all the restrictions of the Constitution. Id. at 346
(emphasis added).
In dissent, Justice Harlan denounced the majoritys reasoning. He vehemently denied the notion that
Congress can deal with new territories just as other
nations have done or may do with their new territories. Downes, 182 U.S. at 380 (Harlan, J., dissent-

14
ing). This nation, he explained, is under the control of a written constitution * * *. Monarchical and
despotic governments, unrestrained by written constitutions, may do with newly acquired territories
what this government may not do consistently with
our fundamental law. To say otherwise is to concede
that Congress may, by action taken outside of the
Constitution, engraft upon our republican institutions a colonial system such as exists under monarchical governments. Surely such a result was never
contemplated by the fathers of the Constitution. If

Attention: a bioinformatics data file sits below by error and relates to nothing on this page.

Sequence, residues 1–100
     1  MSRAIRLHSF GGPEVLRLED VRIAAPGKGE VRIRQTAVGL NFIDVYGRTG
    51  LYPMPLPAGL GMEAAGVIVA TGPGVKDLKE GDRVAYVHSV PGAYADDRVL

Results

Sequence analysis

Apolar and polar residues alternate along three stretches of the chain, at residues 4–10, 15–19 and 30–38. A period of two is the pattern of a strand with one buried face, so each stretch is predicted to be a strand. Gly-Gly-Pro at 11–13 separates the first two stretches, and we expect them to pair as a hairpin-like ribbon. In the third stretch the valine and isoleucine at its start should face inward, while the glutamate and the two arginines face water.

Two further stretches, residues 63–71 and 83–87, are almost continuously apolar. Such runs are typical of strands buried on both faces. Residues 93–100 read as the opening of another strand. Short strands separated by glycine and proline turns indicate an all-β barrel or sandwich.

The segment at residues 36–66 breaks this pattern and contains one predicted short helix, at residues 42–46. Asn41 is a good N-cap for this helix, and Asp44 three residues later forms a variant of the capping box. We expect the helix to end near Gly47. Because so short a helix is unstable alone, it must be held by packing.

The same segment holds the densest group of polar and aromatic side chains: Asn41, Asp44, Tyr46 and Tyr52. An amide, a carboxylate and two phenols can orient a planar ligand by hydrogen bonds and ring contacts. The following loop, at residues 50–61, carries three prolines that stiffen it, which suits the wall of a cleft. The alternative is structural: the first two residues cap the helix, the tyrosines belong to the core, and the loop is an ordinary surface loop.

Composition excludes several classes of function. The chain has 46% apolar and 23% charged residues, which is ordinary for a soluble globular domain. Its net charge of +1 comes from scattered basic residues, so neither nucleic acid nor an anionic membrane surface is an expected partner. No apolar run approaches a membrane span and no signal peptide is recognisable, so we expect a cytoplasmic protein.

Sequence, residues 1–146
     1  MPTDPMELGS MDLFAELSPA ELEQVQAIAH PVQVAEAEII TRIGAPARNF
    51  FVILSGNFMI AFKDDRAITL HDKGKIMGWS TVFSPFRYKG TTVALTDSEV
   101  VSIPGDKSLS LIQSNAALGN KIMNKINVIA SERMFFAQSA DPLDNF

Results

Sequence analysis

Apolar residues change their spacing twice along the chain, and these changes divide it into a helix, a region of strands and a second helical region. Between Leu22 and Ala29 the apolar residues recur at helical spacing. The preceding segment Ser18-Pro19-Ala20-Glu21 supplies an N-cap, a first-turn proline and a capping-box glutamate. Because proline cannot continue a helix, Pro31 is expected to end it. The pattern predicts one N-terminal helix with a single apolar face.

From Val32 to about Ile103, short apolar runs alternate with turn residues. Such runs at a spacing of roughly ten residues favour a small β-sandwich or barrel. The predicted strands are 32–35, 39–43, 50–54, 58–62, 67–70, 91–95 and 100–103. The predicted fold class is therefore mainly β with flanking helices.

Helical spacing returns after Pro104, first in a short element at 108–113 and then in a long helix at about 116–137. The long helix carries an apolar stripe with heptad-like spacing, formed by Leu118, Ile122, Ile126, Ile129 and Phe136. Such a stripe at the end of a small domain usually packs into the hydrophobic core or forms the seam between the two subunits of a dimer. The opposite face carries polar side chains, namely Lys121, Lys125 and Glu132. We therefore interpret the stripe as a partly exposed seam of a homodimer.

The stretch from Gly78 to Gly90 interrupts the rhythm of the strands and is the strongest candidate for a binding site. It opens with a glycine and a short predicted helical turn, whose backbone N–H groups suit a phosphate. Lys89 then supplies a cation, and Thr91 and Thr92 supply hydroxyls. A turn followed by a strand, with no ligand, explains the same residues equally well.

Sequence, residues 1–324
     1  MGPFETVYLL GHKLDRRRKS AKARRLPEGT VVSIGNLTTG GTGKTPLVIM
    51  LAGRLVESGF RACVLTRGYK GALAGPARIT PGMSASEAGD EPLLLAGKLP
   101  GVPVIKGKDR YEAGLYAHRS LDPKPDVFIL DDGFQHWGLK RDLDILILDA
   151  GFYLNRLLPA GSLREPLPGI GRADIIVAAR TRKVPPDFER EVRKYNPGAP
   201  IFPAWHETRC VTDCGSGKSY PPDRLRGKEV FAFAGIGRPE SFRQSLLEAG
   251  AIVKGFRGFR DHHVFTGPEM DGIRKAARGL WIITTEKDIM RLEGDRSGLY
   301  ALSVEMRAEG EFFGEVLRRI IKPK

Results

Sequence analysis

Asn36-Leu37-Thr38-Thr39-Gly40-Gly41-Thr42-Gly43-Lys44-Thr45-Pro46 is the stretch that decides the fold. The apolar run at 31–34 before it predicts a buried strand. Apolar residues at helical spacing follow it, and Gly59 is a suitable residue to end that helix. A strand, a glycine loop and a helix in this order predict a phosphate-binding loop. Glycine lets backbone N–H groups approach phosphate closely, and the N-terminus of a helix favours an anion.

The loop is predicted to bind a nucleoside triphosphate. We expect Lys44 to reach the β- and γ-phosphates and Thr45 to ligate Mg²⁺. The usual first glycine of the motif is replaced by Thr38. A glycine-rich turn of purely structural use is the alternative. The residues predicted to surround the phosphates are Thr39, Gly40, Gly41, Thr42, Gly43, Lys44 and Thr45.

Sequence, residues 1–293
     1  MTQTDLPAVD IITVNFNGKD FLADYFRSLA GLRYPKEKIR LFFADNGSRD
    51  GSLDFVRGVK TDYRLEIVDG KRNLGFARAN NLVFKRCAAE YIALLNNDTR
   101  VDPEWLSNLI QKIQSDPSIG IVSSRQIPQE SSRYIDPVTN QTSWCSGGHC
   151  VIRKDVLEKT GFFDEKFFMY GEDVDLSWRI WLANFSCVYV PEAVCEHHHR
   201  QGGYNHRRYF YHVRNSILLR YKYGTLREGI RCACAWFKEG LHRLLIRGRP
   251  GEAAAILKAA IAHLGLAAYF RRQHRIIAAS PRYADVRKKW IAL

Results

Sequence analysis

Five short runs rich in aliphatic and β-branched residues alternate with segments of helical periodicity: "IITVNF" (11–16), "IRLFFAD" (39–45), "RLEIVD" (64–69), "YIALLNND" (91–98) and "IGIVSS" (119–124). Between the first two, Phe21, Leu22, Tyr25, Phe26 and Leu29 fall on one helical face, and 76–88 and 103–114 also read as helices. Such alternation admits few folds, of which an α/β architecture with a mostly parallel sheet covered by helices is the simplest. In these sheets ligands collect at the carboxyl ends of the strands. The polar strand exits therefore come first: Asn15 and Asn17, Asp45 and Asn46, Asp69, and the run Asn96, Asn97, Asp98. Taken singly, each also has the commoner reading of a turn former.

that instrument had contained a word suggesting the
possibility of a result of that character it would never
have been adopted by the people of the United
States. Ibid.
d. Although the incorporation theory failed to
command a majority of the Court in Downes, it soon
became enshrined as a feature of U.S. constitutional
law. Just three years later, the Court decided Dorr v.
United States, 195 U.S. 138 (1904), where five Justices agreed for the first time that there was a constitutional distinction between incorporated and unincorporated territories.
In Dorr, two petitioners convicted of criminal libel in the Philippines without a jury challenged their
convictions under the Sixth Amendment. Relying
heavily on Downes, the majority concluded that Congress was not required to enact for ceded territory
not made a part of the United States by Congressional action, a system of laws which shall include
the right of trial by jury, and that the Constitution
does not, without legislation, and of its own force,
carry such right to territory so situated. Dorr, 195
U.S. at 149. The Court accordingly sustained the petitioners convictions.

15
e. In 1917, the legal status of the inhabitants of
Puerto Rico underwent a dramatic change with the
passage of the Jones-Shafroth Act. The JonesShafroth Act recognized all Puerto Ricans to be U.S.